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Whitlock agrees to $18.75M, 4-year deal with Red Sox

April 10, 2022 GMT
Boston Red Sox pitcher Garrett Whitlock throws in the second inning during a spring training baseball game against the Minnesota Twins at Hammond Stadium Sunday, March 27, 2022, in Fort Myers, Fla. (AP Photo/Steve Helber)
Boston Red Sox pitcher Garrett Whitlock throws in the second inning during a spring training baseball game against the Minnesota Twins at Hammond Stadium Sunday, March 27, 2022, in Fort Myers, Fla. (AP Photo/Steve Helber)
Boston Red Sox pitcher Garrett Whitlock throws in the second inning during a spring training baseball game against the Minnesota Twins at Hammond Stadium Sunday, March 27, 2022, in Fort Myers, Fla. (AP Photo/Steve Helber)
Boston Red Sox pitcher Garrett Whitlock throws in the second inning during a spring training baseball game against the Minnesota Twins at Hammond Stadium Sunday, March 27, 2022, in Fort Myers, Fla. (AP Photo/Steve Helber)
Boston Red Sox pitcher Garrett Whitlock throws in the second inning during a spring training baseball game against the Minnesota Twins at Hammond Stadium Sunday, March 27, 2022, in Fort Myers, Fla. (AP Photo/Steve Helber)

NEW YORK (AP) — The Boston Red Sox signed right-handed reliever Garrett Whitlock to an $18.75 million, four-year deal Sunday covering 2023-26 that includes two club options and escalators that could increase the total to $44.5 million over six seasons.

The agreement was announced by chief baseball officer Chaim Bloom before Boston played the finale of a three-game series against the rival New York Yankees.

The Red Sox poached Whitlock from the Yankees in the winter meeting draft ahead of the 2021 season. A starter in the minors, the 25-year-old Whitlock moved to the bullpen and led all Boston pitchers with a 1.96 ERA over 73 1/3 innings. He was 8-4 with 81 strikeouts and 17 walks while frequently pitching multiple innings per appearance.

“We hope we’re just scratching the surface of what he can accomplish,” Bloom said. “The fact that, he’s said a few times, you give him the ball and he’ll get outs until you take it from him, that’s perfect.”

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Whitlock was an 18th-round draft pick by New York in 2017 and had Tommy John surgery in 2019. When the 2020 minor league season was canceled due to the pandemic, he coached a travel-ball team and worked landscaping to make ends meet back home in Alabama.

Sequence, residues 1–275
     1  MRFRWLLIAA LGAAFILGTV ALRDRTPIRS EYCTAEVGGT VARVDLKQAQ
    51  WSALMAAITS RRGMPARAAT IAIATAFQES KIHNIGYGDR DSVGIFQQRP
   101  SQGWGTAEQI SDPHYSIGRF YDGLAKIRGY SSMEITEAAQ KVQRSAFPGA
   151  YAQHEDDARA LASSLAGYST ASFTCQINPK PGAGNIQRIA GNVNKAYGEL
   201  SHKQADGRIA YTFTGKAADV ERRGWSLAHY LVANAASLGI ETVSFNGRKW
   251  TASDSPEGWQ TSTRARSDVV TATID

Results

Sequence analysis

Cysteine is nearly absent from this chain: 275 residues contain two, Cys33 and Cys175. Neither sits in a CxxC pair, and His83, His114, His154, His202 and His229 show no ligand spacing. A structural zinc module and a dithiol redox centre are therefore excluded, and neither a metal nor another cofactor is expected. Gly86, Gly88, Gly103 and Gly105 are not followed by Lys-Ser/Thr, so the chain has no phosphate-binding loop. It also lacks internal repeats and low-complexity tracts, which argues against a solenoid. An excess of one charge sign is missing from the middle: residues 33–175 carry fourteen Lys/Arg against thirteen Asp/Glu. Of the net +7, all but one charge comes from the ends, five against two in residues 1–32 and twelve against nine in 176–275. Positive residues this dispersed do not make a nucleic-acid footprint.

The Yankees left him unprotected the next offseason for the winter meeting draft, and Boston took a chance on him.

Among 30 rookies who pitched at least 70 innings in 2021, Whitlock ranked first in ERA, second in WHIP at 1.10, and third in opponent OPS at .631.

“Last year when they took me in the Rule 5 draft, it was an honor then, just because the fact they took a chance on me, everything like that,” Whitlock said. “I just want to work my tail off.”

Bloom said the sides agreed to the deal hours before Boston’s season-opener Friday. Whitlock made his season debut that day, allowing a run over 2 1/3 innings in relief against New York, striking out four and allowing a homer to DJ LeMahieu in a 6-5 defeat.

Whitlock had agreed last month to a one-year contract paying $720,000 while in the major leagues and $285,250 while in the minors.

The new deal includes a $1 million signing bonus, $1 million in 2023, $3.25 million in 2024, $5.25 million in 2025 and $7.25 million in 2026. Boston has an $8.25 million club option for 2027 with a $1 million buyout and a $10.5 million option for 2028 with a $500,000 buyout.

The options have up to $4 million each in esclators for innings and awards, such as Cy Young Award and Mariano Rivera/Trevor Hoffman reliever of the year. Whitlock remains eligible for the new $50 million bonus pool for pre-arbitration-eligible players.

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